Lesson #2 - Not only is Pilates healthy, it’s healing.
By the summer of 2017, my Pilates routine was ingrained in my daily life. I referred to the Uxbridge Pilates Studio north of Toronto, Canada, as my “happy place,” and was seriously looking into the purchase of an At Home SPX® Reformer for personal use.
But then in late August, I began experiencing random pain in my lower back. I thought I had possibly re-injured my disk, but the pain gradually became more constant and more intense. It spread to my spine, neck and pelvis. The pain became so bad that I had difficulty carrying a purse. I could no longer go grocery shopping because I couldn’t reach up or down to grab things off shelves. I had difficulty sitting on a toilet. I often cried riding in the car because every little bump sent shooting pains through my entire body. Walking hurt, but standing still was worse. I couldn’t lie down in bed to sleep. Actually, it was difficult going to sleep at all. Vacuuming, laundry... everything hurt, all the time. It affected my Pilates workouts, and eventually I stopped going to my classes altogether. It was a difficult time.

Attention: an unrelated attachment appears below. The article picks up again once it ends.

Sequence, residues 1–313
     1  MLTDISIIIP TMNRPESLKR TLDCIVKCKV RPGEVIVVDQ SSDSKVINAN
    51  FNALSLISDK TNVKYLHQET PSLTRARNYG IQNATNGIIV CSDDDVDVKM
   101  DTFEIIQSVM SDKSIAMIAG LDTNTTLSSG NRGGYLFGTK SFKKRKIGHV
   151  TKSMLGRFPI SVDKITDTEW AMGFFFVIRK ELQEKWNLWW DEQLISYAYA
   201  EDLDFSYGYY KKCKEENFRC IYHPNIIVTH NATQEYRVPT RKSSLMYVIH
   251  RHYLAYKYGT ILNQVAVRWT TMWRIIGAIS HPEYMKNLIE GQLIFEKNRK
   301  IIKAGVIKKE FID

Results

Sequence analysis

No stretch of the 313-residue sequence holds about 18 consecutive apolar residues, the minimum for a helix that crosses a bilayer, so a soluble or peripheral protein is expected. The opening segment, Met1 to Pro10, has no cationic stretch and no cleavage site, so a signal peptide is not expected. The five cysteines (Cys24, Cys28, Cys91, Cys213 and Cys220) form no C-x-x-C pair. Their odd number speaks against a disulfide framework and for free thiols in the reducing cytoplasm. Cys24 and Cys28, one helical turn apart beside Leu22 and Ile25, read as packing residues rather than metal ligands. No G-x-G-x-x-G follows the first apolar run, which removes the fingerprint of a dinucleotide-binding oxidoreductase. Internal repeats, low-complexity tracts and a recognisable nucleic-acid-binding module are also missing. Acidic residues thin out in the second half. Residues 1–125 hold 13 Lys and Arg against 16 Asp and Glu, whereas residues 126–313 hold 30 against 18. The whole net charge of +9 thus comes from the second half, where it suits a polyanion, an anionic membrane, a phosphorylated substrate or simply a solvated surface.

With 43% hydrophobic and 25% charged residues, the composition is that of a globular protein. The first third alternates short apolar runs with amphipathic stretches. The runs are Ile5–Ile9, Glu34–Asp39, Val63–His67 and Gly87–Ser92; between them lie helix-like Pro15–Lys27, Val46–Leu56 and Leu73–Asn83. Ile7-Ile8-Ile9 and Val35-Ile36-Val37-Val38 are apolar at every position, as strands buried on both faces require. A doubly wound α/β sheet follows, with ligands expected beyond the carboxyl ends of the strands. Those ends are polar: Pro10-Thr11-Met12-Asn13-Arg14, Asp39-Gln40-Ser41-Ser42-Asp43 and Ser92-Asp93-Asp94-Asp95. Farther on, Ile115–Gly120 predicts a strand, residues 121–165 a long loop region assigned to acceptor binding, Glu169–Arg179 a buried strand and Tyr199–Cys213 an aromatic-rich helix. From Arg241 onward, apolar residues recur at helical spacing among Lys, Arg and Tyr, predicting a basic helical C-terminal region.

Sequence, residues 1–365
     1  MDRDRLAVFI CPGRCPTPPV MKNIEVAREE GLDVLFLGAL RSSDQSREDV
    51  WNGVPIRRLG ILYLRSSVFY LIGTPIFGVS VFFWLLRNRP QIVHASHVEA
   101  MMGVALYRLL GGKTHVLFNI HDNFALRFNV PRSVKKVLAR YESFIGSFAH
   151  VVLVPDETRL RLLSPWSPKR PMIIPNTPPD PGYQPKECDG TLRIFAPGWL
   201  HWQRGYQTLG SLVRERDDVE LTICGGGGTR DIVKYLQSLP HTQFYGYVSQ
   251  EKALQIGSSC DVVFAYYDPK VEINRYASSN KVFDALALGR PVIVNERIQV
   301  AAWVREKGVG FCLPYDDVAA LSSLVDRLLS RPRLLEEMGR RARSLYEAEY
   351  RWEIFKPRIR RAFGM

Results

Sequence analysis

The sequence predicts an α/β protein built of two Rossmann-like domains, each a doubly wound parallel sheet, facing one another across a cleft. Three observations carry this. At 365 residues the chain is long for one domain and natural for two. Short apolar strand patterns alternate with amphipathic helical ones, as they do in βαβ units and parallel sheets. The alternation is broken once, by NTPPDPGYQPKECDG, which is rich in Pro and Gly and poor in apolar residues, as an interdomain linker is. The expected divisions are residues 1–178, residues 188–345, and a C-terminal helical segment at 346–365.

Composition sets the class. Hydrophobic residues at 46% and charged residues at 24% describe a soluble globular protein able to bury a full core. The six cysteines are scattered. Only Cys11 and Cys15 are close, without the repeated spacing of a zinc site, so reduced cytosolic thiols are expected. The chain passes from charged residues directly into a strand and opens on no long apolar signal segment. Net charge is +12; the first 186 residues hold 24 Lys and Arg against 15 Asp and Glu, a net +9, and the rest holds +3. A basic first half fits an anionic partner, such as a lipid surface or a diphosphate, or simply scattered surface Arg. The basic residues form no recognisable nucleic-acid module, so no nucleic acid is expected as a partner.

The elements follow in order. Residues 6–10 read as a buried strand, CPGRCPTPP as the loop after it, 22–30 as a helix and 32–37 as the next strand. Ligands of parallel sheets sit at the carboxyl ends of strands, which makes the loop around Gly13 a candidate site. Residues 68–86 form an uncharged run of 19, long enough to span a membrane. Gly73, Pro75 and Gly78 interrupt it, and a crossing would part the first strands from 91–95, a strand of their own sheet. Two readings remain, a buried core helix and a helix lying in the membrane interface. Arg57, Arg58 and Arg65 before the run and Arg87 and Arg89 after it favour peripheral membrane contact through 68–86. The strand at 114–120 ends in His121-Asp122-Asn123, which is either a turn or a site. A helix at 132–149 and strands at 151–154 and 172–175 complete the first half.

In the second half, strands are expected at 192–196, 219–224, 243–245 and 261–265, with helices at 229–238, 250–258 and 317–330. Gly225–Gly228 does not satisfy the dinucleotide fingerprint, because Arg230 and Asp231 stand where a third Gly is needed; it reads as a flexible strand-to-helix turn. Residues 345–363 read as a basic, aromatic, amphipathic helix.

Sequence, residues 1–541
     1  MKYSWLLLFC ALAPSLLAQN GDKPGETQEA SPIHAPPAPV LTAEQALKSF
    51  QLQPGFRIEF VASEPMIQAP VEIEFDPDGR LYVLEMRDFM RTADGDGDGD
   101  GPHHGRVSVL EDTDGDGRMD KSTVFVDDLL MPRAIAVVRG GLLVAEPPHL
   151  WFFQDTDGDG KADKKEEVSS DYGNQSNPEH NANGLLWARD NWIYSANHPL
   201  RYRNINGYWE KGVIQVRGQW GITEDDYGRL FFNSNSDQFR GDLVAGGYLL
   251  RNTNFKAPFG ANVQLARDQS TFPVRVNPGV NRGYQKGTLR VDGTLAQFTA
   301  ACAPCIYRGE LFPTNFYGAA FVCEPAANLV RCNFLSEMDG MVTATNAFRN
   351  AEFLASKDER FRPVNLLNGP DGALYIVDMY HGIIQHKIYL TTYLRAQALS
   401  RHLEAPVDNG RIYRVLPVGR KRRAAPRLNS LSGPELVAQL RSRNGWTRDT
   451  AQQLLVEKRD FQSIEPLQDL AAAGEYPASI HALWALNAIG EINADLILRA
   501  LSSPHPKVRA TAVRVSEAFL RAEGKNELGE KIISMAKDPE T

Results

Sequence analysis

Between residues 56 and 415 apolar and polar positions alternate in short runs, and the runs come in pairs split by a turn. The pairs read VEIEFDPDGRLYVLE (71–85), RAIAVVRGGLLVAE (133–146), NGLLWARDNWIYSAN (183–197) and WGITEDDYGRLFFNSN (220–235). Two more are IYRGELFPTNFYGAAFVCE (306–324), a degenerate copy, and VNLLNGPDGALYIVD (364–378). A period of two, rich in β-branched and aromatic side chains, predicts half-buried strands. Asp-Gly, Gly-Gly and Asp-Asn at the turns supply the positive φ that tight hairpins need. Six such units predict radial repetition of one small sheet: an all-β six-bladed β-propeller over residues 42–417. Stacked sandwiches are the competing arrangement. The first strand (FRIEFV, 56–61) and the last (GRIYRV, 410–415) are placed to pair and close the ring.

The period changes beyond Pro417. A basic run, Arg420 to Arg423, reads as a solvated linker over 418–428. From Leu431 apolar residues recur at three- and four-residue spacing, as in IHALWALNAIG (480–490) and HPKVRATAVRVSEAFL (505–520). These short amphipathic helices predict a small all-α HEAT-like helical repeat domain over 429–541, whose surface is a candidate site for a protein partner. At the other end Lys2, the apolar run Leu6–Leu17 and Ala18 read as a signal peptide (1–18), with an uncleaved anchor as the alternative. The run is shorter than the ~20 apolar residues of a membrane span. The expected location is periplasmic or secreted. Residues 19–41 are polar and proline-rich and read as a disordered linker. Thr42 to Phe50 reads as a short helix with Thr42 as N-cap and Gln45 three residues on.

After a bone scan in January 2018, I finally got a diagnosis. Metastatic breast cancer. I had previously been treated for breast cancer in 2004 and again in 2007 and I’d come to consider it ancient history. Now it had spread to my bones... to my spine, pelvis, ribs. Stage 4, no cure, but thankfully, a treatment. Because my bones had become so brittle, I had many compression fractures, which explained why I was in so much pain. My body needed to rest. I began taking medications to strengthen my bones and to slow the spread of cancer cells. I also began taking some heavy duty painkillers to manage the pain, something I had resisted for months.
Any cancer diagnosis is terrifying. To hear the words “no cure” is devastating. The very worst part of it for me, personally, was the guilt I felt seeing the sadness and fear in the eyes of the people who loved me most. It was a very heavy burden.